24 Hour Crisis
& Suicide Hotline
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Factsheet: Self Injury
What is it?
- Self-injury, also known as cutting or self-mutilation, occurs when someone intentionally
and repeatedly harms herself/himself. The method most often used is cutting but other common behaviors include burning,
punching, and drinking something harmful, like bleach or detergent.
Who does it?
- It’s estimated that about two million people in the U.S. injure themselves in some way. The majority
are teenagers or young adults with young women outnumbering young men. They are of all races and backgrounds.
- Often, people say they hurt themselves to express emotional pain or feelings they can’t put into words.
- It can be a way to have control over your body when you can’t control anything else in your life. A lot of people
who cut themselves also have an eating disorder.
- Although they usually aren’t trying to kill themselves, sometimes they’re unable to control the injury and
How can I help a friend with this?
- Ask about it. If your friend is hurting herself, she may be glad to have you bring it up so she can talk about
it. If she’s not injuring herself, she’s not going to start just because you said something about it.
- Offer options but don’t tell him what he has to do or should do. If he is using self-injury as a way to
have some control, it won’t help if you try to take control of the situation. Helping your friend see ways to
get help – like talking to a parent, teacher, school counselor or mental health professional- may be the best thing
you can do for him.
- Seek support. Knowing a friend is hurting herself this way can be frightening and stressful. Consider telling a
teacher or other trusted adult. This person could help your friend get the help she needs. You may feel that you
don’t have the right to tell anyone else. But remember, you can still talk to a mental health professional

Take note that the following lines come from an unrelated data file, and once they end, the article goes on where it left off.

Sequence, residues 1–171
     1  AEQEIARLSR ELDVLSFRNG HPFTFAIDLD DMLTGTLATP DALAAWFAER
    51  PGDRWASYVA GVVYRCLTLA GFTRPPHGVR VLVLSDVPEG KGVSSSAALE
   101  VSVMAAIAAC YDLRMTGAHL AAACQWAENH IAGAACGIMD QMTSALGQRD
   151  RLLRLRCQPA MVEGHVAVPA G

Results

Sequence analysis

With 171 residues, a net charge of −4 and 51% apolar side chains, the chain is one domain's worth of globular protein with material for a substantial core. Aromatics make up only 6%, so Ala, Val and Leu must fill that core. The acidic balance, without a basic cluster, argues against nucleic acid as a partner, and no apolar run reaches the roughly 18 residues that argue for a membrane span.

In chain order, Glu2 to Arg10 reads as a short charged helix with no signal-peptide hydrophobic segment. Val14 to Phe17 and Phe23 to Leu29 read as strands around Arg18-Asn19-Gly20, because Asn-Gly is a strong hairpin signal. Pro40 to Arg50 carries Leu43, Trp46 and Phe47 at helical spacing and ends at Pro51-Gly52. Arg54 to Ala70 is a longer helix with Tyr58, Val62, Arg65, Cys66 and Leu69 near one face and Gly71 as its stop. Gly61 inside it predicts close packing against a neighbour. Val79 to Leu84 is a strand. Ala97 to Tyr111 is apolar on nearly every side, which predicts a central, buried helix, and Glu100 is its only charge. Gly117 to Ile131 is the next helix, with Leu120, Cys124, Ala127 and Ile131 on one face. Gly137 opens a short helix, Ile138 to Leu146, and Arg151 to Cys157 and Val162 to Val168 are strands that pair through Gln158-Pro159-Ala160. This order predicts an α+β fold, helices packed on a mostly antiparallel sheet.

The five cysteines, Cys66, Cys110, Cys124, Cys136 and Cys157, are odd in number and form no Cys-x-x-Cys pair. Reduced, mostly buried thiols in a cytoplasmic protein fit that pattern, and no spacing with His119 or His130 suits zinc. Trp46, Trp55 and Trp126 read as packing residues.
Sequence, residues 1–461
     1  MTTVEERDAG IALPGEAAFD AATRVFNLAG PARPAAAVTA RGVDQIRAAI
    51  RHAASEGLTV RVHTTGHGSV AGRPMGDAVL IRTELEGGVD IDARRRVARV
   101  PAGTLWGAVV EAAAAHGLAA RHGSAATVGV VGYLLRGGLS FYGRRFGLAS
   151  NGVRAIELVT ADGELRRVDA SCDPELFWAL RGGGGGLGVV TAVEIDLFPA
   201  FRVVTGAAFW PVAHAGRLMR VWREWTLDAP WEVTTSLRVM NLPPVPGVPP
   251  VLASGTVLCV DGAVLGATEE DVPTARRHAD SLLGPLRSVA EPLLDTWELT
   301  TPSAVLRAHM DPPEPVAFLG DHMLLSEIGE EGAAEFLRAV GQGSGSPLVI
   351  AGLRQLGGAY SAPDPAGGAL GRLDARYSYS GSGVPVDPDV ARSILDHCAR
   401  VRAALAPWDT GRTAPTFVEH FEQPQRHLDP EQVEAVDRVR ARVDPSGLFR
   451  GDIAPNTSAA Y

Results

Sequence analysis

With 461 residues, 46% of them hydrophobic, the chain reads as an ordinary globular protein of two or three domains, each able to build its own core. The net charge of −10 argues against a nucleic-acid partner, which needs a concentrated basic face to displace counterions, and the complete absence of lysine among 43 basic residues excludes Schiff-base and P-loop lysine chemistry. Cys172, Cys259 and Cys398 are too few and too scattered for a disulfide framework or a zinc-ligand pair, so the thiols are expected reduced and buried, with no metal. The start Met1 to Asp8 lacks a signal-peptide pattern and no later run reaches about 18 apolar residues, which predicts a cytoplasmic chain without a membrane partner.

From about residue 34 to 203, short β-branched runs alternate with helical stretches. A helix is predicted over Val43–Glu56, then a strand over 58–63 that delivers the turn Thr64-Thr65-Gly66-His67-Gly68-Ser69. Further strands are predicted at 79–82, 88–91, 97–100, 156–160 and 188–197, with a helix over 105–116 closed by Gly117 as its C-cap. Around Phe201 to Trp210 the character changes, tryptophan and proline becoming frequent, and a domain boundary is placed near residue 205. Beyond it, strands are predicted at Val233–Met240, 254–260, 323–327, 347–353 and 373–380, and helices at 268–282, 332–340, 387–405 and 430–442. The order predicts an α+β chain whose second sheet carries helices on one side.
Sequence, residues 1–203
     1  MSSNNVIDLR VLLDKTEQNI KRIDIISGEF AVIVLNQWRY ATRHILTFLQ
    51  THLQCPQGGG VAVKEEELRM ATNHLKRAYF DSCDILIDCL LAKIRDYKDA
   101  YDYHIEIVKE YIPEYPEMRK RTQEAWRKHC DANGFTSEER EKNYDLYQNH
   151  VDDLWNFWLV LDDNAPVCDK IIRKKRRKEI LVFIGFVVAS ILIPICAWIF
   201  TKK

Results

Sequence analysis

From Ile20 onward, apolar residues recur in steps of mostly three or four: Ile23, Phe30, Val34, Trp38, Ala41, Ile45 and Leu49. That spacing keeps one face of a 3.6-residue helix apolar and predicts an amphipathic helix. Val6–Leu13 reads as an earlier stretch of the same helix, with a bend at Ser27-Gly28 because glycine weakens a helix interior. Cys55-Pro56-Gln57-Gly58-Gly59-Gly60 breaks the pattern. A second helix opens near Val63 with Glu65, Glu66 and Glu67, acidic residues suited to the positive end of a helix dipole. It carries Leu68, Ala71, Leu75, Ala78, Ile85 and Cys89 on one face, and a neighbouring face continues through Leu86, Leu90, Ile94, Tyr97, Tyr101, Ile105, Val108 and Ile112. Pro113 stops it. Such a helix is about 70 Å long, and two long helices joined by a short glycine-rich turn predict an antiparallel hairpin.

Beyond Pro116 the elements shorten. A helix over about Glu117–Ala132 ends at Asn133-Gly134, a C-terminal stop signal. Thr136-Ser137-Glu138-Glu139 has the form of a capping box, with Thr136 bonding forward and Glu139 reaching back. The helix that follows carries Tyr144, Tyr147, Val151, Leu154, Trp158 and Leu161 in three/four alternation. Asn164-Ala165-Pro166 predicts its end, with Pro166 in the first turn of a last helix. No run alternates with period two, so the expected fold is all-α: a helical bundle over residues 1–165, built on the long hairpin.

about how the situation is affecting you, or you can get more information and advice from any number of organizations.
- Remember you’re not responsible for ending the self-abuse. You can’t make your friend stop hurting
himself or get help from a professional. The only sure thing you can do is keep being a good friend.
How can I help myself?
- Know that help is available. Treatment is available for people who injure themselves. To learn about it,
try talking to a professional person around you, someone like your school counselor. If you’re not comfortable
with that, think about contacting your local mental health association or checking out the S.A.F.E Alternatives website.
- Know you are not alone. Because so many people are self-injurers, it’s likely that there are people around
who can understand and can help.
- Know you can get better. This is a difficult time in your life. However, with help, you can get to the
point where you don’t hurt yourself anymore.
- Get help. Now is the best time to get help with this problem. If you wait, the problem will only get bigger and soon
everyone will know about it. But if you find a way to meet it head on today, you’ll be free of it and free to
get on with your life. Free! A good way to be.
S.A.F.E. Alternatives (Self-Abuse Finally Ends)
Information Line: 1-800-DONT CUT
S.A.F.E. Alternatives website. Accessed June 2003. Internet Explorer:
Sullivan, Dana. “Self-Injury poorly understood problem.” www.cnn.com. 5 September 2000
Mental Health America’s mpower: musicians for mental health is a campaign that works to educate youth and young
adults about mental health through music. For more information, visit www.mpoweryouth.org.
For More Information:
For help finding treatment, support groups, medication information, help paying for your medications,
your local Mental Health America affiliate, and other mental health-related services in your community,
please contact us.
If you or someone you know is in crisis now, seek
help immediately. Call 1-800-273-TALK (8255) to reach a 24 hour
crisis center or dial 911 for immediate assistance.
Page last updated: 3/5/2009
P.O. Box 51
Seymour, IN 47274
Phone: (812) 522-3480
Fax: (812) 524-8176